NOAH ADAMS, host:
Back in the early days of television, American kids bonded with some quirky heroes a reporter who would dash into a phone booth and emerge as Superman, a fellow in a mask on a white horse known as the Lone Ranger, and a crime-fighting Canadian mountie.
(Soundbite of radio show, "Sergeant Preston")
Unidentified Man: Sergeant Preston of the Northwest Modern Police with Yukon King, swiftest and strongest lead dog breaking the trail in the relentless pursuit of lawbreakers in the wild days of the Yukon.
ADAMS: And before Sergeant Preston made his television debut, he was a hit, of course, on the radio, and that's where he came to the attention of a young advertising executive who was trying to sell cereal. The ad exec was Bobby Smith. Mr. Smith died earlier this month.
Sandy Hausman has this story about how Smith created one of the most successful promotions in U.S. cereal history.
HAUSMAN: It was 1954, and the Quaker Oats Company was in a quandary. Its competitors were launching new sugarcoated breakfast cereals for kids. Quaker didn't approve, but sales of its products were sagging. A young guy at the company's ad agency had an idea. Bobby Smith had read about two Texans who got rich after placing an ad in Life Magazine.
Mr. ROBERT SMITH, JR.: That basically said in return for two or three or $4 - I can't remember the exact amount - we will send you a legal deed to one square inch of land, and it's going to be your Texas ranch.
HAUSMAN: That's Bobby's son, Robert Smith, Jr. His dad knew Quaker was sponsoring "Sergeant Preston" on the radio, so he suggested the company by Yukon Land, divide it into one inch squares, then give deeds away in boxes of cereal. Quaker's lawyers feared it would cost a fortune to register all those lots, but top management was intrigued. So Bruce Baker, a partner in Smith's firm, got on a plane with an attorney and an executive from Quaker. Bobby Smith didn't get to go, but his biographer, Sue Weiger(ph), says he saw pictures and heard stories of their travels in suits and ties.
Ms. SUE WEIGER (Author; Biographer, Bobby Smith): And there they are, you know, tromping through the wilderness in boats, in rustic bars, in (unintelligible) trench coats.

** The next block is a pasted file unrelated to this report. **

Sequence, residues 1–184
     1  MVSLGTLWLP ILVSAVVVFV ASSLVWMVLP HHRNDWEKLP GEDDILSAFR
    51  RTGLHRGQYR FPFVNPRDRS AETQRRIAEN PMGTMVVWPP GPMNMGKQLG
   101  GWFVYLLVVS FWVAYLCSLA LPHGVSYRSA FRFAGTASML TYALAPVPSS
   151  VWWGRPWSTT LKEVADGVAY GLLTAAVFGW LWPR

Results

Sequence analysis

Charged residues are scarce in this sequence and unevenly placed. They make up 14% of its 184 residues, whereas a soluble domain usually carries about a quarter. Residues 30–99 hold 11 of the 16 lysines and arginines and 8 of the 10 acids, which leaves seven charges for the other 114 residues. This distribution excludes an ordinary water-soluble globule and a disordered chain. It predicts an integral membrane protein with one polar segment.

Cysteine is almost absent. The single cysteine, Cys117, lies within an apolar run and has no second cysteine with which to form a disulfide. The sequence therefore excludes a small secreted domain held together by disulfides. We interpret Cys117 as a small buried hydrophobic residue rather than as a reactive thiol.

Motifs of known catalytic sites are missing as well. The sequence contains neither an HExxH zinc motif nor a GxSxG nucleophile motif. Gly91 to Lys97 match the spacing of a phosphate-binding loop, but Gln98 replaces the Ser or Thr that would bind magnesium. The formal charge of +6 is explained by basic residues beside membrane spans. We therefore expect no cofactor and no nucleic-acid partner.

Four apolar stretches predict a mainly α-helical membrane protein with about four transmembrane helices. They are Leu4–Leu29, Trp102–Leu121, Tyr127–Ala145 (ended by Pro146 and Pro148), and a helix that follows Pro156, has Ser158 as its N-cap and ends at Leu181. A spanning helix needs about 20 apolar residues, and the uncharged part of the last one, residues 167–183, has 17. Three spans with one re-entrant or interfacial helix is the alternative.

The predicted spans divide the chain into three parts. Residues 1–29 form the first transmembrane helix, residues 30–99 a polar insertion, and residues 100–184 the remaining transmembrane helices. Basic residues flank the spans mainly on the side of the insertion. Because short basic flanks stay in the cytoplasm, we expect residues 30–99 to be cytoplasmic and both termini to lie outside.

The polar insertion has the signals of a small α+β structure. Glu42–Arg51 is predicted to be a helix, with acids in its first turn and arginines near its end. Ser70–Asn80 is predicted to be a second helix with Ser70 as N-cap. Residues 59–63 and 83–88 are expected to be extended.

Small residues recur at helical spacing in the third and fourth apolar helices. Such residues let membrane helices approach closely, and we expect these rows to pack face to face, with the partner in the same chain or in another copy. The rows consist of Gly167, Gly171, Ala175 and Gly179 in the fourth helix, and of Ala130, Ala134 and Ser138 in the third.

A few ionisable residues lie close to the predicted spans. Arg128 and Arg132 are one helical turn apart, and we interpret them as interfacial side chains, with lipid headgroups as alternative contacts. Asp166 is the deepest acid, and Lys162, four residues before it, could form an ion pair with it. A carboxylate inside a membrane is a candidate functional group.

HAUSMAN: They met with a local lawyer who thought it unnecessary to register each square inch of land. So, they drove more than 300 miles to the gold rush town of Dawson City, then took a boat up the Yukon River to inspect 19 acres of land and bought for 1,000 bucks. What happened next paid for the property many times over. Robert Smith, Jr. reads a note his dad got from a brand manager at Quaker.
Mr. SMITH, JR.: It increased sales of Puffed Wheat and Puffed Rice, so that they had to use two to three shifts to keep up with demand.
HAUSMAN: In a matter of months, the company had given away 21 million deeds to excited customers like eight-year-old David McDonald of Toronto. He ate enough cereal to collect seven or eight deeds, and still recalls the fantasies they inspired.
Mr. DAVID McDONALD: You could certainly imagine, you know, a gold nugget sitting on your square inch. And you could imagine that if you were really lucky, it might be worth something.
HAUSMAN: Eventually, his mother threw the deeds out, but McDonald never forgot them. And years later, he made a documentary called, "Cereal Thriller." At the Yukon Land office, he found correspondence from thousands of kindred spirits - deed holders and their kids.
Mr. McDONALD: People put them in safety deposit boxes, and their heirs found them when they died and they get lawyers to write letters to the Yukon government or Quaker or whoever would listen.
HAUSMAN: But all received the same disappointing news. The land didn't belong to them anymore, nor even to Quaker. In 1965, the company failed to pay $37.20 in taxes, and the government of Canada repossessed the property. What's more, those kids who had dreamed of striking it rich were blissfully unaware of Canadian law.
Mr. McDONALD: When you get land in Yukon, you don't own mineral rights.
HAUSMAN: There is, however, some small consolation. Quaker's kitschy big inch deeds have sold for as much $100 on eBay. Bobby Smith, who died earlier this month at the age 85, would go on to work at advertising giant Leo Burnett, and to help create another wildly popular concept - his name: Captain Crunch.
For NPR News, I'm Sandy Hausman.
NPR transcripts are created on a rush deadline by Verb8tm, Inc., an NPR contractor, and produced using a proprietary transcription process developed with NPR. This text may not be in its final form and may be updated or revised in the future. Accuracy and availability may vary. The authoritative record of NPR’s programming is the audio record.